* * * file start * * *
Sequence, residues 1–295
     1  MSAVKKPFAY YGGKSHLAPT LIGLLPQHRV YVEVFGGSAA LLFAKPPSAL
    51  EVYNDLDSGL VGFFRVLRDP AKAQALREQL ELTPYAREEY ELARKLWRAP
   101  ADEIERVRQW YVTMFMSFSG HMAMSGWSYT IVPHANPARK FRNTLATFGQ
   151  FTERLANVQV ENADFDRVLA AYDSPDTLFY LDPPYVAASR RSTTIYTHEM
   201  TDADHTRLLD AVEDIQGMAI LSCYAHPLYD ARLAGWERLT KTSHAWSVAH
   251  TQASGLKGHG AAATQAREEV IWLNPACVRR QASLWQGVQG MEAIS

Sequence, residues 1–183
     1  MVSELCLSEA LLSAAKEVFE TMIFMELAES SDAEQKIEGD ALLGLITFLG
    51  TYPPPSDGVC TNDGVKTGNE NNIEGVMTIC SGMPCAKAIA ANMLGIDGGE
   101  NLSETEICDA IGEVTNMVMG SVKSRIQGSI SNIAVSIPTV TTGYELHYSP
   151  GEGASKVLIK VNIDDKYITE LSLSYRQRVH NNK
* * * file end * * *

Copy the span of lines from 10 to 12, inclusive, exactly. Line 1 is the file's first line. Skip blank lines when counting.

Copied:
    51  TYPPPSDGVC TNDGVKTGNE NNIEGVMTIC SGMPCAKAIA ANMLGIDGGE
   101  NLSETEICDA IGEVTNMVMG SVKSRIQGSI SNIAVSIPTV TTGYELHYSP
   151  GEGASKVLIK VNIDDKYITE LSLSYRQRVH NNK